Remembering, Reaffirming, and Reinvigorating: the Challenge of Global Poverty

| |

Synod 2017, the general assembly of the Christian Reformed Church (CRC), affirmed again the denomination’s commitment to the poor and the hungry.

Synod 2016 had instructed the executive director of the CRC, Steven Timmermans, to “prioritize goals and assign resources for . . . justice and mercy.”

To fulfill that directive, the CRC’s Justice, Inclusion, Mercy, and Advocacy collaboration group produced a study entitled, “Remembering, Reaffirming, and Reinvigorating Our Response to Global Humanitarian Challenges.”

The report retrieved a long list of statements and initiatives made by the CRC, beginning with a report on world hunger from 1978. It celebrated the considerable progress made in alleviating hunger and poverty in the world, noting that the number of people living in extreme poverty has fallen from 1.9 billion in 1990 to 836 million in 2015, among other encouraging statistics. It also brought to the attention of synod that great need remains, including at present 65 million displaced persons.

In the light of the many synodical statements of support for justice ministries, synod urged “CRC members, congregations, and agencies to remember and renew [the] passion to serve God by serving the poor and oppressed in ministries of relief, development, proclamation, and advocacy for justice.” Synod delegates also reaffirmed the conclusions and recommendations contained in the past CRC reports on the causes of hunger.

Some delegates wished for more emphasis on the gospel in these commitments. Doug Alderink, Classis Wisconsin, said that justice work must always revolve around an “intentional expression of the gospel.” In contrast, Phillip Leo of Classis Chicago South, said what had impressed him as he walked in a climate justice demonstration was how the gospel emerged naturally from a concern about justice. He reminded the synod that “our world belongs to God.”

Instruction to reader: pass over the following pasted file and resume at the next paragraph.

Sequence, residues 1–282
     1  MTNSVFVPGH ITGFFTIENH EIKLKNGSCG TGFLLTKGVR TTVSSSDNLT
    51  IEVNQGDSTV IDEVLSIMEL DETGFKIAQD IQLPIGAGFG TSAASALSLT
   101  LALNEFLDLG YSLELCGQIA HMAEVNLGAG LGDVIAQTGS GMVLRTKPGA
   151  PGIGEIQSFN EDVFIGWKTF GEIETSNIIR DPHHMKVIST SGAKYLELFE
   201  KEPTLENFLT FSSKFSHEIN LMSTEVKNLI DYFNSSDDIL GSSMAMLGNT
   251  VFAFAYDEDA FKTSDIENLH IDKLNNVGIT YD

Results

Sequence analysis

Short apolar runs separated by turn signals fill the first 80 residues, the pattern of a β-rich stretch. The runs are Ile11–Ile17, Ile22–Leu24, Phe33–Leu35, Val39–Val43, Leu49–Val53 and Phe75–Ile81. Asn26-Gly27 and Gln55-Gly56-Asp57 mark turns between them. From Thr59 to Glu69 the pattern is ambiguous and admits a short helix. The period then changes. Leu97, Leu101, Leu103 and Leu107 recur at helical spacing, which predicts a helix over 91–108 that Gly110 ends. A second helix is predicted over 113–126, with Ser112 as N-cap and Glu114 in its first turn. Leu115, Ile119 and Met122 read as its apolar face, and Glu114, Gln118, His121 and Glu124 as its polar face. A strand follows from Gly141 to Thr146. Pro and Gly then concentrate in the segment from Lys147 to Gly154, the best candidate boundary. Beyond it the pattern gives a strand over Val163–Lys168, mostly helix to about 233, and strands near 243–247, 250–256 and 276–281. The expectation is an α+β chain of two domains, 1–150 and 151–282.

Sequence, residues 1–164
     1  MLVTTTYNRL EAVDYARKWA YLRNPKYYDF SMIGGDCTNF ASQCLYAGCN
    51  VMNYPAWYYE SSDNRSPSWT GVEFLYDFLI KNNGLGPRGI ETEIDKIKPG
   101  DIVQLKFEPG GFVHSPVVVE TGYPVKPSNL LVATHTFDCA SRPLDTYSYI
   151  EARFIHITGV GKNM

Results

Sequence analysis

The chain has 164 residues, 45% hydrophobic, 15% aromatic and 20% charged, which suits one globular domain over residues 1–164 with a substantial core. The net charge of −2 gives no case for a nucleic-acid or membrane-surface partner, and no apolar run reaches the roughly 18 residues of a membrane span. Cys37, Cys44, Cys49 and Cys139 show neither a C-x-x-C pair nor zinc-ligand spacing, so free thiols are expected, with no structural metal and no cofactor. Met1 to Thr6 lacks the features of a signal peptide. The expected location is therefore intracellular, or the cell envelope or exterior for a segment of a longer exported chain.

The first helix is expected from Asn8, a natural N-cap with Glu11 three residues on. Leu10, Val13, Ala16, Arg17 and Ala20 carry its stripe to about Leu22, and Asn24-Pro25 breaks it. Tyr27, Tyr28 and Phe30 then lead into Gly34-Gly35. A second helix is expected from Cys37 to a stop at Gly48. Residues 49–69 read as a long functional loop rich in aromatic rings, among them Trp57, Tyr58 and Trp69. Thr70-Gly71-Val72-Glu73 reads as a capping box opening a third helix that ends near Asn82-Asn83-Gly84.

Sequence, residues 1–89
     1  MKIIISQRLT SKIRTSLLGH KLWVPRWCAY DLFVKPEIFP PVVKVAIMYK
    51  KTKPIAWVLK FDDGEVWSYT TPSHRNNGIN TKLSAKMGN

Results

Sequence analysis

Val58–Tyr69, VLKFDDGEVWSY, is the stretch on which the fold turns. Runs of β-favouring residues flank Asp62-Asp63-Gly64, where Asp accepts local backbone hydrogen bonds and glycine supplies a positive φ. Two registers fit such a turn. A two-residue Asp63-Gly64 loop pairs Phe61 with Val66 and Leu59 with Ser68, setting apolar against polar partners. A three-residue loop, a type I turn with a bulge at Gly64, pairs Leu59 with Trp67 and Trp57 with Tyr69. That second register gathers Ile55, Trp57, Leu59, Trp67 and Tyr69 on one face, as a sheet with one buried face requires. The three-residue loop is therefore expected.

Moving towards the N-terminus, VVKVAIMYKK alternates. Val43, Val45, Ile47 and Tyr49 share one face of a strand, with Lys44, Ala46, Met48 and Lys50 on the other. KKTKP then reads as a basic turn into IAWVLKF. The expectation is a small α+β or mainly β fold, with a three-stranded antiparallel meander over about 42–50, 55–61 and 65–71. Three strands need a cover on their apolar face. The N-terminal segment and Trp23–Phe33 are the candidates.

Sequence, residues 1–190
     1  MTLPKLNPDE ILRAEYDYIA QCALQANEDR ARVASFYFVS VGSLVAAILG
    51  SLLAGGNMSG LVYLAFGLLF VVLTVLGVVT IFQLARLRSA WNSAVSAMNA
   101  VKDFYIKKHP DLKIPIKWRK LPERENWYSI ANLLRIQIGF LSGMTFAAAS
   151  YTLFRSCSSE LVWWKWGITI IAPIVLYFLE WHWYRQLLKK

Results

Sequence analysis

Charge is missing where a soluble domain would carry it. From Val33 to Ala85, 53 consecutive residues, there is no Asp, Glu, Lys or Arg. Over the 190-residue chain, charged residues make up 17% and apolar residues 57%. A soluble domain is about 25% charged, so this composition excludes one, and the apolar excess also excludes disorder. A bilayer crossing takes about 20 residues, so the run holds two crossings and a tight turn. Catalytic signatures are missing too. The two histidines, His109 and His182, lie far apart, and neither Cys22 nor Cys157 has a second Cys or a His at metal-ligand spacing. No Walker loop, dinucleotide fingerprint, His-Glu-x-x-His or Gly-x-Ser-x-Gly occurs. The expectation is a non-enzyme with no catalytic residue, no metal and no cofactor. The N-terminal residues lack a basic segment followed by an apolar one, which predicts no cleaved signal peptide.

With the long-term denominational commitment to justice in mind, synod endorsed the creation of “a renewed and revised multiple agency collaborative program that would build on existing ministry capacities.” The goals are to educate the denomination on the causes of poverty and hunger and work to increase the effectiveness of current denomination ministries for people who are suffering from drought, famine, war, climate change, trafficking, and persecution.   

To these initiatives the synod attached a long list of supporting grounds citing past decisions, effective ministry directions already taken by the denomination, and ecumenical commitments. 

Synod 2017 is meeting at Trinity Christian College in Palos Heights, Ill., from June 9-15. For continuous coverage while synod is in session, download the Banner app on your mobile device or follow The Banner Magazine on Facebook or @crcbanner on Twitter. You can find more tweeting by following hashtag #crcsynod. News stories will be posted at several times daily. For CRC Communications releases and the webcast, please visit Unless noted otherwise, all photographs are by Karen Huttenga.

About the Author

Clayton Libolt was the long time pastor of River Terrace Church in East Lansing, Mich. Since his retirement, he has served in a variety of interim positions. He is presently serving as the interim senior pastor of Sonlight Community CRC in Lynden, Wash.

See comments (1)


I respectfully disagree that "the gospel emerges naturally from a concern about justice," at least if we are talking about the Christian gospel.

I live in a part of the country where few who hold the reigns of political power, and justice, are Christian.  But they talk constantly about "justice" (popular word these days).  If the institutional church cannot or declines to articulate the reason it is involved in justice, we are in a sad place, including for those folks where I live who hold the reigns of power and talk so constantly about justice.

In other words, one's faith will -- should at least -- affect one's definition of, sense for, what justice actually is.  If we don't think that, if we think justice is defined identically in the world, regardless of worldview, we have lost the saltiness in our church.